So today Senator Edward “Teddy” Kennedy’s senate seat was won in a special election by a pickup driving, health care reform hating, centerfold modeling, tax cuts for the rich loving, Republican, and listening to all the complaining by progressives about how this is the end of any hope we had of rolling back the damage “W” had done in his 8 years, and how there is no way to fix health care properly now, and how we’ll never get back to a progressive tax system, and how the sun won’t rise tomorrow…. OK, so maybe no one actually said that last one. But, they may as well have. And I have to admit that I was hanging onto the back of that bandwagon, just aching to jump on, when my old buddy Eugene Robinson at the Washington Post woke me up to the fact that the Democrats still have an 18 seat majority in the Senate, and a HUGE majority in the House.
Personally, I am tired of being held hostage by a Ben Nelson, or Joe Lieberman, or an Olympia Snowe. And I have a solution for the Senate. Fix your BROKEN rules that require a 3/5 majority to pass LEG-IS-LA-TION. For crying out loud, the only thing the Constitution says about requiring more than a simple majority, i.e. 51 votes, is the requirement of a two-thirds majority in the Senate for confirming treaties, expelling one of its members, and concurring in the proposal of Constitutional Amendments. So, where, oh wise reader, does this ridiculous notion of a 3/5 majority come from you may ask. Well, sit back while I recite a little story about the history of the Senate. Starting with the first Senate in 1789, the rules left no room for a filibuster; a simple majority could move to end debate and bring a matter to a vote. This is because the first set of Senate rules included a procedure to limit debate called “moving the previous question.” This rule was dropped in 1806 in the misunderstanding that it was redundant. Starting in 1837, senators began taking advantage of this gap in the rules by giving lengthy speeches so as to prevent specific measures they opposed from being voted on, a procedure called filibustering. Once the filibuster became possible, and since any Senator could now block a vote, 100% support was required to bring the matter to a vote. However, guess what, even though it was possible it hardly ever happened.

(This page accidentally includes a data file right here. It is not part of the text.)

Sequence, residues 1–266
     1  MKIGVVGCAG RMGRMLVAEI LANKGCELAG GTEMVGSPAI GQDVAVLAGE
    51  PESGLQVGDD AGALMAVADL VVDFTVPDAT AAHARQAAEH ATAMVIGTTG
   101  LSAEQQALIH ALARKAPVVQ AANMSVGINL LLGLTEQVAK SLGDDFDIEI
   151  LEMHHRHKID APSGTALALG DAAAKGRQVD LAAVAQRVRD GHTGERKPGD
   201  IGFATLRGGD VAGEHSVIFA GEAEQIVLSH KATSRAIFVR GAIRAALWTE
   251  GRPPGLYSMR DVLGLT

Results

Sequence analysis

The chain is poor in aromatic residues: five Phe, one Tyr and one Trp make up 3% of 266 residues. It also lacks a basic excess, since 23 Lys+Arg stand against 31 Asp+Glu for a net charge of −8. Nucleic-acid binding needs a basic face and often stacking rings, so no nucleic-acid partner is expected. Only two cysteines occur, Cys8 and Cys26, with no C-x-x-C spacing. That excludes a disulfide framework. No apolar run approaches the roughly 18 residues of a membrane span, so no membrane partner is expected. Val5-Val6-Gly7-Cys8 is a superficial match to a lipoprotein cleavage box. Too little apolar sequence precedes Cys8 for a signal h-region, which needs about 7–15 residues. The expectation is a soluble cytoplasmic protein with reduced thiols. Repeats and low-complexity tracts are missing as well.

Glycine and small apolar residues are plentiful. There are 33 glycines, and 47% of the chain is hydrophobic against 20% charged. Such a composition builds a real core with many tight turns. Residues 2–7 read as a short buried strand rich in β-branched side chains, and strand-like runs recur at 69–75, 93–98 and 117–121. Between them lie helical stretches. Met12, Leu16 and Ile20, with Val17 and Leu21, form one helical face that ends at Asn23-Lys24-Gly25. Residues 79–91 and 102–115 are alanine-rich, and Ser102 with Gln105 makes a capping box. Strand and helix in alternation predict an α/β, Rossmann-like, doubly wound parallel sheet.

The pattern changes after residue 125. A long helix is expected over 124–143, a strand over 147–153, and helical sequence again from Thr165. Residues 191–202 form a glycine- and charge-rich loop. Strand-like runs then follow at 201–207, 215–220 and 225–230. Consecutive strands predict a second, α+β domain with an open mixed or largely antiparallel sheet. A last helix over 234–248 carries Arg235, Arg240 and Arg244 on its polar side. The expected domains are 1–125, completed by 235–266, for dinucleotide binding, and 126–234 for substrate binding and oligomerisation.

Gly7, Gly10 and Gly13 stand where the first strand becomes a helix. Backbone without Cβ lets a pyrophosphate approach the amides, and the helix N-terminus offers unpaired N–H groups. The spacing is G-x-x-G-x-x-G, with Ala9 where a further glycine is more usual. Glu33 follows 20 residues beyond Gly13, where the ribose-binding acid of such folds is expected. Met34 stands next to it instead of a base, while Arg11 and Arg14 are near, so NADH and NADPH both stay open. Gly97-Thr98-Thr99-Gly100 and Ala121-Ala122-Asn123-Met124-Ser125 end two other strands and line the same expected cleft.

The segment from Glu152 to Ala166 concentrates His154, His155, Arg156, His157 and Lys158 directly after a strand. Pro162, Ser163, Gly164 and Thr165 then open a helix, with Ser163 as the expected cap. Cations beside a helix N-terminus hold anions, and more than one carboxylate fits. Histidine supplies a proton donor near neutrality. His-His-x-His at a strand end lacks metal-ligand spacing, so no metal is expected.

Now here our story goes quiet for a while, it is another 70 years before the Senate took another look at filibuster rules, when in 1917, Senator John J. Walsh contended the majority of the Senate could revise a procedural rule at any time, despite the requirement of the Senate rules that a two-thirds majority is necessary to approve a rule change. “When the Constitution says, ‘Each House may determine its rules of proceedings,’ it means that each House may, by a majority vote, a quorum present, determine its rules,” Walsh told the Senate. Opponents countered that Walsh’s “Constitutional option” would lead to procedural chaos, but his argument was a key factor in the adoption of the first cloture rule later that year permitting a two-thirds majority to end debate, and a further change in 1975 reduced the cloture requirement to three-fifths. Supporters of the right to filibuster argue that the Senate has a long tradition of requiring broad support to do business, due in part to the threat of the filibuster, and that this protects the minority. I have only one response, “Bull!!!” The only thing it does is slow the snail pace of change down to a glacial pace.
The “nuclear option”, as it has lately been called, is used in response to a filibuster to end a filibuster by invoking a point of order to essentially declare the filibuster unconstitutional which can be decided by a simple majority, rather than seeking formal cloture with a supermajority of 60 senators. A senator makes a point of order calling for an immediate vote on the measure before the body, outlining what circumstances allow for this. The presiding officer of the Senate, usually the vice president of the United States or the president pro tempore, makes a parliamentary ruling upholding the senator’s point of order. The Constitution is cited at this point, since otherwise the presiding officer is bound by the precedent requiring 3/5 vote for cloture. A supporter of the filibuster may challenge the ruling by asking, “Is the decision of the Chair to stand as the judgment of the Senate?” This is referred to as “appealing from the Chair.” An opponent of the filibuster will then move to table the appeal. As tabling is non-debatable, a vote is held immediately. A simple majority decides the issue. If the appeal is successfully tabled, then the presiding officer’s ruling that the filibuster is unconstitutional is thereby upheld. Thus a simple majority is able to cut off debate, and the Senate moves to a vote on the substantive issue under consideration. The effect of the nuclear option is not limited to the single question under consideration, as it would be in a cloture vote. Rather, the nuclear option effects a change in the operational rules of the Senate, so that the filibuster would thereafter be barred by the new precedent. In other words, the Senate goes back to doing business the way the House does business, and the way the framers of the Constitution envisioned.
What this means in the real world, is that much of the “Change we believed in” when the vast majority of Americans voted for President Obama can be crafted into legislation, passed through the House and Senate, and signed into law by the President. And that is what this country needs!